When Robert Delaunay painted his Première disque in 1912 (sale, Christie's, New York, Nov. 9, 1991, lot 18), he crossed the threshold into non-objective, non-referential painting. Although the avant-garde watched this development with interest, Delaunay's earlier Fenêtres series actually had a more pervasive influence, especially in Germany and Eastern Europe. Only his wife Sonia, née Terk, herself of Russian origin, experimented consistently in this radical format, as seen in the present work.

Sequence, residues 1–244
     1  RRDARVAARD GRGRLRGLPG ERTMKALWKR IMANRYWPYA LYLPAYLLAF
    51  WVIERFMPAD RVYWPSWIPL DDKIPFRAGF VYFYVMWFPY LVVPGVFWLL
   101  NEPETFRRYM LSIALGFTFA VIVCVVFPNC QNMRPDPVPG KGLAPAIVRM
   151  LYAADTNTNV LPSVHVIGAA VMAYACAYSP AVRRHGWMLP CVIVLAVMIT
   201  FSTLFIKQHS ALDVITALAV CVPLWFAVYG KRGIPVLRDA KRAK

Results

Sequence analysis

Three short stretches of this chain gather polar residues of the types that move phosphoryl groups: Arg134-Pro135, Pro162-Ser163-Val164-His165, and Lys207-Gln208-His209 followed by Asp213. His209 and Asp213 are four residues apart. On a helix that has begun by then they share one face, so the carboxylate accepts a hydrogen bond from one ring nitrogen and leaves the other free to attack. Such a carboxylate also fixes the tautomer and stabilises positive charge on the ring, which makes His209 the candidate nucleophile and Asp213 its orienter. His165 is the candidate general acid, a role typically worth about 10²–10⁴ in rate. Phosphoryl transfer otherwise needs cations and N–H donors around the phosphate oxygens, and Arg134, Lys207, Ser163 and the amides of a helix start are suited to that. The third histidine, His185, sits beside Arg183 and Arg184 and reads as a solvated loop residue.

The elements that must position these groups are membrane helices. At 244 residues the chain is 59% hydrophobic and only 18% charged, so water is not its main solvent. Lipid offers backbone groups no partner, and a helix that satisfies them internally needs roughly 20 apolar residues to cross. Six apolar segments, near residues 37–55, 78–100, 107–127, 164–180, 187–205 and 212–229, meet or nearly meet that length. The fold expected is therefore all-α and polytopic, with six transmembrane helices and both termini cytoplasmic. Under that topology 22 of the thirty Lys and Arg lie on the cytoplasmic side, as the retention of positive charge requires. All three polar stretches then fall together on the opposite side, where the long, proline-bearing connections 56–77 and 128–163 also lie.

The reciprocal influences between Robert and Sonia are difficult to unravel, but it appears that she brought to this relationship her own more strongly developed sense of color, rooted in the work of Gauguin and van Gogh. Unlike Robert, who after 1913 vacillated between non-representational forms and recognizable subject matter, Sonia remained more consistently committed to abstraction in her painting as well as in her applied designs, making only passing reference to the figure.
Sonia Delaunay painted the present work in Portugal, where she and Robert lived during World War I. She experimented further in color, using the theories of Eugène Chevreul, and inspired by the light of Portugal, which "was not violent, but exalted color." (quoted in A.A. Eshen, Sonia Delaunay, New York, 1975, p. 67)